Walter Abish

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(Contemporary Literary Criticism)

Walter Abish 1931–

Austrian-born American novelist and short story writer.

Abish is a leading experimental writer. Language, of the utmost importance to him, is often the subject of his fiction. "I try to strip language of its power to create verisimilitude that in turn shields the reader from the printed words on the page that are deployed as signifiers," Abish says. Alphabetical Africa and In the Future Perfect are unique in their ingenious arrangment of words. How German Is It is considered his best work.

Richard Howard

(Contemporary Literary Criticism)

[Walter Abish in "Alphabetical Africa"] has violated all our expectations of continuity and development, flouted our trust in the created reality of fiction—but I believe he has done so for a reason. The alphabetical stammer, the lists of Swahili words, the teasing laugh with which the past behavior of the "characters" (really names with sexual organs attached) is twitched away from us and a whole new set introduced in conformity with the alphabetical disciplines … is essential to Abish's intention, his ulterior motive. He has written, I believe, a novel of erotic obsession, in which language itself has received the transferred charge of feeling.

Ideas and actions here are not developed, they are distributed; feelings are not dramatized, they are reified; the text is a kind of breviary of compulsive (and masturbatory) gratification. We call the great land masses continents because they are named after women (Africa, Asia, Europe) and we expect them to be chaste—so that men may violate their darkest interiors, I suppose.

Abish has written an infuriating book: its rhythms are those of what used to be called solitary vice, and its explorations into behavior lead nowhere at all—no Dr. Livingstone is recovered from the heart of his darkness, no perceptions are registered or extended…. His heroine is the woman Alva, the continent Africa shaped like the human heart and the female genitals (depending on your hang-ups, as Abish would say), and he is concerned, he is obsessed to possess, to violate her by this literary fetish, by these words in this order, not to be paraphrased or summarized, merely experienced.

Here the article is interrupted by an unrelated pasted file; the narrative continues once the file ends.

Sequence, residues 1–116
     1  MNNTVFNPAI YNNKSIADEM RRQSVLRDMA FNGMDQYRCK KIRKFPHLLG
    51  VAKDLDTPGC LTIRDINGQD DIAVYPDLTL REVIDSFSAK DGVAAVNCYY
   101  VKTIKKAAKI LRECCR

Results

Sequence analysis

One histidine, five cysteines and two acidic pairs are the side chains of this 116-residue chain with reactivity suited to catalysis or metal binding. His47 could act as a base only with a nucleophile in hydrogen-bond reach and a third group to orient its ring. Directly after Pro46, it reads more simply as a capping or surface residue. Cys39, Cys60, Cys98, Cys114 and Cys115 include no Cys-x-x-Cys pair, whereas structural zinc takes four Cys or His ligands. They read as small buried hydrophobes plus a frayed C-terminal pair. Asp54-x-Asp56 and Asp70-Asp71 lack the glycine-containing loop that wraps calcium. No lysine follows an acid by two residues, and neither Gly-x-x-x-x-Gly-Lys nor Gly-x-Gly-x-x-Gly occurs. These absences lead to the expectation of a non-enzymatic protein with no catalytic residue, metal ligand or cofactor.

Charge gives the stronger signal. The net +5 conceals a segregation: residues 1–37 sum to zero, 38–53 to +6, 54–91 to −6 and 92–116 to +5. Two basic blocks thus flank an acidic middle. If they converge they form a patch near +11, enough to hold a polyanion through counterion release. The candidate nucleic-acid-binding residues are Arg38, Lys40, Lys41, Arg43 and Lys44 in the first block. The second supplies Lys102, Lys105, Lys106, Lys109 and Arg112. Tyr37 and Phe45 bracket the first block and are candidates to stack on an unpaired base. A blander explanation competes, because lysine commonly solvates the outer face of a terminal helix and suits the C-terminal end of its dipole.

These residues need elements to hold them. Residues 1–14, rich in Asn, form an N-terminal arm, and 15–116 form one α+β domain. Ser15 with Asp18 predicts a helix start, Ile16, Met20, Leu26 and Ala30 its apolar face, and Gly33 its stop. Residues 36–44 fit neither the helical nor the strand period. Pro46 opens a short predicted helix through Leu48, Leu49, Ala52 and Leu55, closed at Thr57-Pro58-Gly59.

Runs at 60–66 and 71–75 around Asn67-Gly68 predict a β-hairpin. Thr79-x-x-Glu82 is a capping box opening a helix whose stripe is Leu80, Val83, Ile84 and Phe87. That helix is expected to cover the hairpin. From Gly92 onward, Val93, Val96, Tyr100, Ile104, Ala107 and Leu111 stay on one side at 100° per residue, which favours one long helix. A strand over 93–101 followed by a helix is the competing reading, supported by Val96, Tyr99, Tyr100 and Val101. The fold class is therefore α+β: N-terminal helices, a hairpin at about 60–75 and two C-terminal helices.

That is the definition of a poem, and of certain psychotic states, and it is Abish's achievement to have stunted the growth of everything that the novel, even on its deathbed, has tried to lay claim to, in order to register, in order to disclose that "one single incident which keeps recurring," which is not so much an action, of course, as a passion, "erased and immobilized in a book."

Richard Howard, "'Alphabetical Africa'," in The New York Times Book Review (© 1974 by The New York Times Company; reprinted by permission), December 29, 1974, p. 19.

John Updike

(Contemporary Literary Criticism)

Walter Abish's [Alphabetical Africa is a] remarkable, ludicrously programmatic novel…. The adventure Mr. Abish has set himself is to compose a novel of twice twenty-six chapters, of which the first employs only words beginning with "A," the second words beginning with "A" and "B," and so on up to "Z," by which time the full lexical possibilities of the English language are available; then, from "Z" to "A," he moves back down the alphabet, subtracting letters one by one until the last chapter, like the first, is composed entirely of words beginning with "A." The hardships of such a journey should not be underestimated; "A" brings with it a handy number of articles and connectives, but not until "H" is reached can the pronoun "he" and the helper verb "have" be used, and for all but the fourteen chapters between "T" and "T" such virtually indispensable formations as "the," "to," "they," "their," and "this" must be dispensed with. A character called Queen Quat cannot appear until after the middle of the ascending alphabet is reached, and must perish on the downhill side when her letter vanishes. Fortunately, Mr. Abish's style, even when unhampered by artificial constraints, is rather chastened and elliptic, so his fettered progress is steadier than you might imagine…. "I" releases the...

(The entire section is 9,290 words.)